One-Third of US Adults with Type 2 Diabetes Show Evidence of Subclinical CVD

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The analysis of adults with Type 2 diabetes found 33.4% showed signs of undetected CVD, as indicated by elevated levels of 2 cardiac biomarkers, compared to only 16.1% of those without diabetes.

Approximately 1 in 3 adults in the United States with type 2 diabetes (T2D) had evidence of subclinical cardiovascular disease (CVD) as assessed by cardiac biomarkers, according to new research.1

The analysis suggests that subclinical CVD was strongly associated with an increased risk of mortality in adults with T2D, even after adjustment for various demographic characteristics and cardiovascular risk factors, highlighting the need for greater prevention efforts.

“What we are seeing is that many people with T2D who have not had a heart attack or a history of CVD are at high risk for cardiovascular complications,” Elizabeth Selvin, PhD, MPH, a professor of epidemiology at Johns Hopkins Bloomberg School of Public Health said in a statement.2 “When we look at the whole population of people diagnosed with T2D, about 27 million adults in the US, according to the CDC, some are at low risk and some are at high risk for CVD, so the open question is ‘Who is most at risk?’ These cardiac biomarkers give us a window into cardiovascular risk in people who otherwise might not be recognized as highest risk.”

A 2022 consensus report from the American Diabetes Association recommended annual testing of biomarkers, including high-sensitivity cardiac troponin (hs-cTn) and N-terminal pro-B-type natriuretic peptide (NT-proBNP) to enable early detection and prevention of heart failure. Prior evidence has suggested elevations in both cardiac biomarkers may confer substantial risk for major cardiac events and mortality in adults with diabetes. There is, however, a lack of national data and little is known regarding the burden and long-term consequences of subclinical CVD in adults with T2D in the general population.

The primary objective of the current analysis was to characterize the national prevalence of subclinical CVD, as assessed by elevated hs-cTnT and NT-proBNP, in adults in the US with and without diabetes. Participants were enrolled in the 1999 - 2004 National Health and Nutrition Examination Survey (NHANES). The population for the analysis included nonpregnant adults aged ≥20 years without self-reported CVD, and with valid measures of NT-proBNP, hs-cTnT, and covariates (n = 10,304).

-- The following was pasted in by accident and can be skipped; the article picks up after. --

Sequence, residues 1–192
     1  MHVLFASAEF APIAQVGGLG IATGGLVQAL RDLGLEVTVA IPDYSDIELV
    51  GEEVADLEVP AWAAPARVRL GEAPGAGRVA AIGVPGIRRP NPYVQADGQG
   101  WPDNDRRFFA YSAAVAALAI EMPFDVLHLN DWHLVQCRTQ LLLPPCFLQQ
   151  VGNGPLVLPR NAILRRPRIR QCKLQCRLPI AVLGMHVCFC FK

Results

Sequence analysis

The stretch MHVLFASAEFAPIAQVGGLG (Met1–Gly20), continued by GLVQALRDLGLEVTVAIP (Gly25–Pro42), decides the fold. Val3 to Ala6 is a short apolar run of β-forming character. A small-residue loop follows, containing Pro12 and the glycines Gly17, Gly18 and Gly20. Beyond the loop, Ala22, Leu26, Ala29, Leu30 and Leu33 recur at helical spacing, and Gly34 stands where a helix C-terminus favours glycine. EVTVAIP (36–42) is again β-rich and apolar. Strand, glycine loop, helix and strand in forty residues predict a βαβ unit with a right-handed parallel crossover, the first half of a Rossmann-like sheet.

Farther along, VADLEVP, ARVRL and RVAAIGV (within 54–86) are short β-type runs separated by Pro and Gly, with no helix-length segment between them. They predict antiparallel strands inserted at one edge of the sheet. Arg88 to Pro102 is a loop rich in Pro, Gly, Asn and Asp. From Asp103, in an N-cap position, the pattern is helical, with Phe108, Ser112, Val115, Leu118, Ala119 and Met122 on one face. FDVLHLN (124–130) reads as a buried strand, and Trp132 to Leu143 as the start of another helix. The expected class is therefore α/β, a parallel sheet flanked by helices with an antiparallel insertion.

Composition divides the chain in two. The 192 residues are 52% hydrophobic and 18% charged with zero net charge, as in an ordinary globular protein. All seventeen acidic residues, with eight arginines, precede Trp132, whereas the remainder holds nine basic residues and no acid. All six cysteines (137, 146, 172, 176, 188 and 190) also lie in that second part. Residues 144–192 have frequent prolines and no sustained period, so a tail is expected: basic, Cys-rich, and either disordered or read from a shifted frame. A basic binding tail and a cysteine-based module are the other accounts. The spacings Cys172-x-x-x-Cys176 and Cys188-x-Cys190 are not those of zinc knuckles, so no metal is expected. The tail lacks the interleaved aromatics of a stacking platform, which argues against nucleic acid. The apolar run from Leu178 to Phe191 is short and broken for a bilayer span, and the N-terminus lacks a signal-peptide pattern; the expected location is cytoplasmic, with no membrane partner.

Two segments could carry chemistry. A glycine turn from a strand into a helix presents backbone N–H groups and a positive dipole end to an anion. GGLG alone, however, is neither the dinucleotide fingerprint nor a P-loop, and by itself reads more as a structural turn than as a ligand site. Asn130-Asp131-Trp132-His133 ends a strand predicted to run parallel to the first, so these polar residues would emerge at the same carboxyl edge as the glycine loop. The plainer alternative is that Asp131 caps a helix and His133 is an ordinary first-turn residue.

Participants were categorized as having no diabetes, newly diagnosed diabetes (≤1 year or no self-reported diagnosed diabetes and HbA1c ≥6.5%), short diabetes duration (self-reported diagnosis between 1 and 10 years), and long diabetes duration (≥10 years). Investigators defined subclinical CVD as having either elevated hs-cTnT (≥14 ng/L) or NT-proBNP (≥125pg/mL) levels, measured using stored blood samples and determined mortality status through linkage to the National Death Index from baseline until December 2019.

From 1999 - 2004, 7% of US adults without a history of CVD had diabetes and were generally older, and had a higher burden of cardiovascular risk factors. Upon analysis, the findings showed 33.4% of adults with T2D had signs of subclinical CVD, compared to only 16.1% of individuals without diabetes. After age adjustment, elevated hs-CTnT, but not elevated NT-proBNP, was observed to be more common in people with diabetes, overall and across age, sex, race and ethnicity, and weight status.

Moreover, the prevalence of elevated hs-cTnT was significantly higher in individuals with longer diabetes duration and worse glycemic control. For those with diabetes, elevated hs-cTnT and NT-proBNP were independently associated with all-cause mortality (adjusted hazard ratio [aHR], 1.77; [95% CI, 1.33 - 2.34] and HR, 1.78 [95% CI, 1.26 - 2.51), and CVD mortality (aHR, 1.54 [95% CI, 0.83 - 2.85] and aHR, 2.46 [95% CI, 1.31 - 4.60]).

Based on these findings, the investigative team emphasized that screening for certain cardiac biomarkers should be added to the routine assessment of traditional cardiovascular risk factors.

“The biomarkers analyzed in this study are very powerful in systematically categorizing patients based on their health status,” Selvin said.2 “Measuring biomarkers more routinely may help us focus on cardiovascular prevention therapies for people with T2D who are at higher risk.”


  1. Fang M, Wang D, Olive Tang, et al. Subclinical Cardiovascular Disease in US Adults With and Without Diabetes. Journal of the American Heart Association. Published online May 31, 2023. doi:
  2. HeartNews. 1 in 3 adults with type 2 diabetes may have undetected cardiovascular disease. EurekAlert! May 31, 2023. Accessed May 31, 2023.